Young Architects Competitions (YAC) recently launched their latest challenge, ‘Smart Harbor’, which calls all architects, students, and designers 35 years and younger to create an urban transformation of dismissed shipyards. Deep and controversial economical transformations have been hitting Europe. On…
In an effort to “unlock people’s imaginations” about Penn Station and Madison Square Garden, the Municipal Art Society (MAS) of New York has challenged Santiago Calatrava, Diller Scofidio + Renfro, SHoP Architects and SOM to propose four new visions that exemplify the potential of the highly disregarded area.
The challenge comes amidst a heated debate on whether or not the city should restrict Madison Square’s recently expired special permit to 10 years, rather than in perpetuity as the arena’s owners – the Dolan family – has requested. This would allow time for the city to “get it right” and come up with a viable solution for the arena and station that, as NYTimes critic Michael Kimmelman states, would not only “improve the safety and quality of life for millions of people but also benefit the economy”. Think Kings Cross in London. With a thoughtful mix of public and private investments, the crime-ridden station was transformed into a thriving cultural destination that benefited all parties.
More after the break…
Architects: TM Studio
Location: Jiading, Shanghai, China
Architect: Tong Ming, Huang Xiaoying
Area: 450 sqm
Photographs: Courtesy of TM Studio
Chicago is set to be the next U.S. city to park-ify on one of its abandoned rail-lines. First proposed back in 1997, the 2.7 mile, 13-acre Bloomingdale Trail and Park is proposed for a stretch of abandoned railway trestle dating from 1910, which has been lying unused since the turn of the century. And, even though it is already being compared to New-York’s High Line, the planners are adamant that the park will be an entirely different animal to its New York cousin.
Read more about Chicago’s unique proposal after the break…
Architects: Nieto Sobejano Arquitectos
Location: Córdoba, Spain
Partners In Charge: Fuensanta Nieto – Enrique Sobejano
Communicative Lighting Façade: Nieto Sobejano Arquitectos, in cooperation with realities:united
Project Architect: Vanesa Manrique
Collaborators: Sebastián Sasse, Beat Steuri, Carlos Ballesteros, Mauro Herrero, Bart de Beer, Alexandra Sobral, Juan Carlos Redondo, Rocío Domínguez, Nik Wenzke, Gilta Koch, Jesús Gijón
Photographs: Roland Halbe, Fernando Alda
What do the Eiffel Tower, the Empire State Building, the Kremlin, and the Burj Khalifa have in common?
Elevators from the Otis Elevator Company. The company, which is celebrating its 160th anniversary today, has an interesting history: it was founded in 1853, the year Elisha Otis invented the elevator safety brake. Before Otis’ invention, buildings rarely reached seven stories (elevators were considered just too dangerous to implement).
But it was Otis’ elevator that would allow for the creation, and proliferation of, the skyscraper – an explosion that would for ever alter the 20th and 21st century skylines.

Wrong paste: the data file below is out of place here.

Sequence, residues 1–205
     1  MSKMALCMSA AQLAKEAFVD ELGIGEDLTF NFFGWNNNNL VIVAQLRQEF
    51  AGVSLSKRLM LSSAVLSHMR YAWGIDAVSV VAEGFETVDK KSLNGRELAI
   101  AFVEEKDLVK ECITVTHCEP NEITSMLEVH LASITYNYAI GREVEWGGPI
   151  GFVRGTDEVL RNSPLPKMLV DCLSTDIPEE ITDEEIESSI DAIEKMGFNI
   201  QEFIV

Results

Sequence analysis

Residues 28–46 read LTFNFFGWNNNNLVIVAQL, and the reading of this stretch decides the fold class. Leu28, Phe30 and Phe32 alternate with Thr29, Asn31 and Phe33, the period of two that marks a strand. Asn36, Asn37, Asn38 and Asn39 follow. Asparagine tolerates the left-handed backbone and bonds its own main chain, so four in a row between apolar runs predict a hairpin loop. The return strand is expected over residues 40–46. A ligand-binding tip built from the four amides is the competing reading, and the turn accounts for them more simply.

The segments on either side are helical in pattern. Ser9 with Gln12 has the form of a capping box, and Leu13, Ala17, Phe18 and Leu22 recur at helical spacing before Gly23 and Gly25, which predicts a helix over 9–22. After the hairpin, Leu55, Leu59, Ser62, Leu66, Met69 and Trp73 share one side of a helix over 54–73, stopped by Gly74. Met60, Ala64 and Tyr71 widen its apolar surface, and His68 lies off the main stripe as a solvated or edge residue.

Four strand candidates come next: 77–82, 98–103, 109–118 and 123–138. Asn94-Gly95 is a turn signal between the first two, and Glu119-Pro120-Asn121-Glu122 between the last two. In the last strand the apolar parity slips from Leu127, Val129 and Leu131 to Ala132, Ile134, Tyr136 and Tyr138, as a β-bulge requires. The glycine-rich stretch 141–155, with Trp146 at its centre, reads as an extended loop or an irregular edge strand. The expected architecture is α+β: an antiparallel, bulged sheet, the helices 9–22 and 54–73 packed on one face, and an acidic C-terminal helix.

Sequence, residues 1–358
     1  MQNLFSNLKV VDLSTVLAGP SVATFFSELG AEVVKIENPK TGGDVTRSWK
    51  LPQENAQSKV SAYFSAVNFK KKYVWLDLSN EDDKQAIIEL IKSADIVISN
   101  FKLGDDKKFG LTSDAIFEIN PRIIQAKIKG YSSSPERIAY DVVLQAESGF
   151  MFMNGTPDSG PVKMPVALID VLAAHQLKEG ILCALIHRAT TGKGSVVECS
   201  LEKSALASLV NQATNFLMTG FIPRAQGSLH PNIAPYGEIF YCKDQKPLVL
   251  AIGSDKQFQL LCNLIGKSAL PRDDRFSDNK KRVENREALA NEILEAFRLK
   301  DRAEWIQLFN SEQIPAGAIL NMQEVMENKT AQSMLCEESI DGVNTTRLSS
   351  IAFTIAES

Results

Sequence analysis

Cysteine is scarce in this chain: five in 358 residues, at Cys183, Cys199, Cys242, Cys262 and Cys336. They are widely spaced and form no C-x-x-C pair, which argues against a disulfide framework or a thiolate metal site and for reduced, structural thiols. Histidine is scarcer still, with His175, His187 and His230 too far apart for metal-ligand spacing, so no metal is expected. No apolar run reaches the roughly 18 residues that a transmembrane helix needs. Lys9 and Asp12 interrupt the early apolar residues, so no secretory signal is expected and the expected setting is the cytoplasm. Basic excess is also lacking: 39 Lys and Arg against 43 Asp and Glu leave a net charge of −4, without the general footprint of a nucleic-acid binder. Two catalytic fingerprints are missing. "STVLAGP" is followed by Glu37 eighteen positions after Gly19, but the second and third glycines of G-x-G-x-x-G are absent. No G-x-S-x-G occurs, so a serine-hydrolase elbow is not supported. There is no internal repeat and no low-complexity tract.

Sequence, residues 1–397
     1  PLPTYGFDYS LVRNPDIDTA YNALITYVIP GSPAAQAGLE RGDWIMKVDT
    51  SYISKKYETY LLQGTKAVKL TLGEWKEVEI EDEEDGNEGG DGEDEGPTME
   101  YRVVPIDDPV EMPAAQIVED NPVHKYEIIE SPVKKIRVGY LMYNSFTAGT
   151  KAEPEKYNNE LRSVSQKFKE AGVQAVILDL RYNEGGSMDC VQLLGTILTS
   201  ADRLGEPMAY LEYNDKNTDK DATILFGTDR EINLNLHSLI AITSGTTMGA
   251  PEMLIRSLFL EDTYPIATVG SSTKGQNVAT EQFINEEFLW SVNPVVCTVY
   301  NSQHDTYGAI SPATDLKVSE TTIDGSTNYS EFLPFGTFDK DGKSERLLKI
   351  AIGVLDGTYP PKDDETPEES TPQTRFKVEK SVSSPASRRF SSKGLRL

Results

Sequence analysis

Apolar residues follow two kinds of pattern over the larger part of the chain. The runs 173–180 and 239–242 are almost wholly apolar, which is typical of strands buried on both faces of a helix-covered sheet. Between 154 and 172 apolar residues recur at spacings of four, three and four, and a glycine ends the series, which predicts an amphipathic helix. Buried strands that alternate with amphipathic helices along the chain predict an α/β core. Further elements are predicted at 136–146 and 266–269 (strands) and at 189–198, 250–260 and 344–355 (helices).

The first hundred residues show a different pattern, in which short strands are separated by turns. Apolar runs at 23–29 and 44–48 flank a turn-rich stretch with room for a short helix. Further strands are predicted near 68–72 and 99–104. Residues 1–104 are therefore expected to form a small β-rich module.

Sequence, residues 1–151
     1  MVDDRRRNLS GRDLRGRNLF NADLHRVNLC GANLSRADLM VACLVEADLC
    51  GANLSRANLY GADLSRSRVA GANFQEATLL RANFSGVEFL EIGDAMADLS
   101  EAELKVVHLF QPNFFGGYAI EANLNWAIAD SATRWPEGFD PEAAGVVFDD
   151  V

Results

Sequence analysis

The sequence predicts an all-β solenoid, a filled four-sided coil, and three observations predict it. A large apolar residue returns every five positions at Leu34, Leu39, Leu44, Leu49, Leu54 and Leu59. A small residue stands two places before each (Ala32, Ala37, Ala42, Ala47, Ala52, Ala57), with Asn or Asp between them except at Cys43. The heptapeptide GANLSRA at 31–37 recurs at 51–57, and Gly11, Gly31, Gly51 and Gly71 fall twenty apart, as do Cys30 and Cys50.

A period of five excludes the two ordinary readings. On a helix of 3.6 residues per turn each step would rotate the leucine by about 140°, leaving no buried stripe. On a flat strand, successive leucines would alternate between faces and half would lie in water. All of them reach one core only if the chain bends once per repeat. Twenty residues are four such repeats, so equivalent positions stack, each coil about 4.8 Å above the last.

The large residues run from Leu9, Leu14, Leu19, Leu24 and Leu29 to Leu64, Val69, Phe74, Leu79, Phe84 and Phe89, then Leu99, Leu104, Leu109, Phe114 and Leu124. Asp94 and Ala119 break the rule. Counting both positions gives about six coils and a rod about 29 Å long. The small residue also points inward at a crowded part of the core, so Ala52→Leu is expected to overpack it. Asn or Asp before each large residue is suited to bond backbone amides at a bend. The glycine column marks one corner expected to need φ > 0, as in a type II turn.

Read more about the Otis Elevators influence on skyscraper design (and how Otis performed a death-defying feat to increase the invention’s popularity), after the break…
Designed by Studio 7 of Urban Architecture China, their proposal for the New XIUYI Kindergarten in Kunshan, China aims to strongly connect to the layout of the traditional village. They do this by spreading 30 classrooms into nine buildings and forming a relatively independent settlement type of a space. The organic arrangement creates both interesting private play areas and diversified public spaces, at a scale appropriate for children. More images and architects’ description after the break.
What do MIT’s Building 20, the Ancient Greek Agora, 18th Century British teahouses, and early 20th century Parisian cafés have in common?
They were some of the most creative spaces in the world.
People who gathered there would interact. People, such as Socrates or Chomsky or Edison, exchanged ideas, argued about morals, and discussed technologies. They participated in an informal discourse driven by passionate involvement.
And these places, although for different reasons, fostered interaction by bringing people together and giving them a place to talk. As Jonah Lehrer put it, “the most creative spaces are those which hurl us together. It is the human friction that makes the sparks.”
The question, then, is how can contemporary architecture foster the same kind of creativity?
To learn more about architecture and its role in creativity and learning, keep reading after the break.
Architects: DKV architecten
Location: Zoetermeer, The Netherlands
Architect In Charge: Roel Bosch, Herman de Kovel, Paul de Vroom
Project Team: Paul de Vroom, Edward Schuurmans, Thijs de Haan, Hans Oldenburger
Constrction Engineer: Zonneveld Ingenieurs
Installation Advisor: Schreuder
Photographs: Ossip van Duivenbode, Courtesy of DKV architecten
Inspired by a childhood spent filming planes at LAX with an 8-millimeter videocamera, New York photographer and former Berkeley architecture student Jeffrey Milstein has turned his fascination for aviation into a career. Typically known for photographing the underbellies of aircrafts, Milstein’s latest series captures the artistic composition and elaborate array of patterns formed by airports and only seen from above. He describes this series as revealing “the patterns, layering and complexity of cities, and the circulation patterns for travel, such as waterways, roads, and airports that grow organically over time much like a living organism.”
More of Milstein’s photography after the break…